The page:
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Opinions May 17, 2013

May 17, 2013
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Indiana Supreme Court
State of Indiana ex rel. Glenn D. Commons, et al. v. The Hon. John R. Pera, et al.
45S00-1303-OR-209
Original action/judiciary. Grants in part and denies in part relief sought by relators, Lake County magistrates, who sought to prevent civil division Judge Nicholas Schiralli from transferring to the juvenile bench. The court held that Schiralli, who had not been appointed to the bench through merit selection, may not transfer without first being appointed through merit selection. The court denied the magistrates’ request that no judicial transfers be allowed without merit selection. The court denied Lake County judges’ assertion that the Lake County merit selection statute in question, I.C. 33-33-45-21(e), is unconstitutional.

Kirk B. Lynch v. State of Indiana
40S05-1301-CR-23
Criminal. Affirms trial court’s sentence of 40 years with five years suspended for attempted child molesting, a Class A felony. Finds the sentence was not inappropriate under Appellate Rule 7(B) because it exceeded the advisory sentence by 10 years.

Calvin Merida v. State of Indiana
69S01-1301-CR-24
Criminal. Affirms trial court imposition of consecutive advisory sentences for an aggregate term of 60 years for two counts of child molesting as Class A felonies. Vacated the Indiana Court of Appeal’s decision to revise the sentences under Appellate Rule 7(B), holding the sentences imposed were not inappropriate.

Indiana Court of Appeals
Ladonna A. Reck, As Personal Rep. of the Estate of Evelyn L. Holmes v. Harry Clifton Knight, M.D., Mona Siddiqui Saifullah, M.D., Community Health Network, Inc., et al. (NFP)
49A05-1208-CT-428
Civil tort/medical malpractice. Affirms denial of motion to correct error filed following dismissal of the proposed complaint after a statutorily imposed deadline passed.

Robert V. Allen v. State of Indiana (NFP)

71A03-1209-CR-408
Criminal. Affirms conviction of Class D felony theft.

Rodney D. Mosby v. State of Indiana (NFP)
71A04-1209-CR-469
Criminal. Affirms conviction of Class B felony robbery and Class A misdemeanor resisting law enforcement.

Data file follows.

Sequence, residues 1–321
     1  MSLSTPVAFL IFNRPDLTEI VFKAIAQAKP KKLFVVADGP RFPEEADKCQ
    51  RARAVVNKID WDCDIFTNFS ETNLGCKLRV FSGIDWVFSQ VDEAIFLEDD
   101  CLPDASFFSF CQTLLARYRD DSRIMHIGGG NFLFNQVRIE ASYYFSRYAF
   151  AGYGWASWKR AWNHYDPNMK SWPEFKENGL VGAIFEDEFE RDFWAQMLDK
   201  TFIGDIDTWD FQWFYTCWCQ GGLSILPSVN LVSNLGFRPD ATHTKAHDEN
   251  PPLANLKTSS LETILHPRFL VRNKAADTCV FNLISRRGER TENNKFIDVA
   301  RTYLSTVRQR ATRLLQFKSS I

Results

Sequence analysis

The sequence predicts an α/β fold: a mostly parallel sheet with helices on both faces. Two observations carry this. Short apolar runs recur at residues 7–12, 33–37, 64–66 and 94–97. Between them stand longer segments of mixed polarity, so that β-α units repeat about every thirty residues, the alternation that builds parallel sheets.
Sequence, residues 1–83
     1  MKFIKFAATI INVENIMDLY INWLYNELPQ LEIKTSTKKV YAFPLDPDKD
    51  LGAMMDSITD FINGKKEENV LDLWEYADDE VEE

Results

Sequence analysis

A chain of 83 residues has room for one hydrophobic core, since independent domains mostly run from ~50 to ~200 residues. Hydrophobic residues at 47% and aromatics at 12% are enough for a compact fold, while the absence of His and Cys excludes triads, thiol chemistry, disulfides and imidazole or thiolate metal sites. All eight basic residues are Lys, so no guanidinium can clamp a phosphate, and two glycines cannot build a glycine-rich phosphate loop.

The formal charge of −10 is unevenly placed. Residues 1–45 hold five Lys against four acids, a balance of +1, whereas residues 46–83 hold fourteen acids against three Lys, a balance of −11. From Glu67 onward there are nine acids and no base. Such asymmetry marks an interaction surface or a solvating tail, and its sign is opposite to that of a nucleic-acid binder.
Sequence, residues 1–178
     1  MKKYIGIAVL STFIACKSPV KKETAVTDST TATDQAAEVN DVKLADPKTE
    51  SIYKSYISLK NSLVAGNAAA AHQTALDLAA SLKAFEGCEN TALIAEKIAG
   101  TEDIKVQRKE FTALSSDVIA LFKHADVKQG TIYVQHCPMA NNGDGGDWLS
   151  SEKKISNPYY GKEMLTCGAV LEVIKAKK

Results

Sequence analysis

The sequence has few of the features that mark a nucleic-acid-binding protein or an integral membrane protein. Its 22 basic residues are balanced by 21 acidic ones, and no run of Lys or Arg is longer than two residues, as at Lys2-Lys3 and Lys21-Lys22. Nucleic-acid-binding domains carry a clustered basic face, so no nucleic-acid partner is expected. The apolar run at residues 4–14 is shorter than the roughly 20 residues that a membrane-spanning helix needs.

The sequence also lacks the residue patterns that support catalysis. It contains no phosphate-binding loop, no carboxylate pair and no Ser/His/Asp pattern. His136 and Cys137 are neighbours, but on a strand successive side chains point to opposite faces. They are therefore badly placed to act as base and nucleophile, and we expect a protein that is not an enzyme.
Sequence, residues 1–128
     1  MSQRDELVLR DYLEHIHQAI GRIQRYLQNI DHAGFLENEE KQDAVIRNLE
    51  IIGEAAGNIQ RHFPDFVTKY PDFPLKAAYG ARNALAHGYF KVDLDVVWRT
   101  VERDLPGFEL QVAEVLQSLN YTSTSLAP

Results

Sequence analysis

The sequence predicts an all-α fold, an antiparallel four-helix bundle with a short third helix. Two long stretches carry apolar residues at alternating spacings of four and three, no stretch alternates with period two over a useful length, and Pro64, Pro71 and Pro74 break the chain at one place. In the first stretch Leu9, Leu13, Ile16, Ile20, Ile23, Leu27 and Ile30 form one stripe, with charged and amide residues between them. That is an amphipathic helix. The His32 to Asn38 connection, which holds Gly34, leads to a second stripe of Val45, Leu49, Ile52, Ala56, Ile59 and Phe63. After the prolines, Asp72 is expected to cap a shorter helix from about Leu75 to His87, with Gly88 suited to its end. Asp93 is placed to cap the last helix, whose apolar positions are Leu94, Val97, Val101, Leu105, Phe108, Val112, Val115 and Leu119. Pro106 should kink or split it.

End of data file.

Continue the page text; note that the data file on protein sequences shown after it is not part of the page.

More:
The Indiana Tax Court issued no opinions prior to IL deadline. The 7th Circuit Court of Appeals issued no Indiana decisions prior to IL deadline.

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  1. Frankly, it is tragic that you are even considering going to an expensive, unaccredited "law school." It is extremely difficult to get a job with a degree from a real school. If you are going to make the investment of time, money, and tears into law school, it should not be to a place that won't actually enable you to practice law when you graduate.

  2. As a lawyer who grew up in Fort Wayne (but went to a real law school), it is not that hard to find a mentor in the legal community without your school's assistance. One does not need to pay tens of thousands of dollars to go to an unaccredited legal diploma mill to get a mentor. Having a mentor means precisely nothing if you cannot get a job upon graduation, and considering that the legal job market is utterly terrible, these students from Indiana Tech are going to be adrift after graduation.

  3. 700,000 to 800,000 Americans are arrested for marijuana possession each year in the US. Do we need a new justice center if we decriminalize marijuana by having the City Council enact a $100 fine for marijuana possession and have the money go towards road repair?

  4. I am sorry to hear this.

  5. I tried a case in Judge Barker's court many years ago and I recall it vividly as a highlight of my career. I don't get in federal court very often but found myself back there again last Summer. We had both aged a bit but I must say she was just as I had remembered her. Authoritative, organized and yes, human ...with a good sense of humor. I also appreciated that even though we were dealing with difficult criminal cases, she treated my clients with dignity and understanding. My clients certainly respected her. Thanks for this nice article. Congratulations to Judge Barker for reaching another milestone in a remarkable career.

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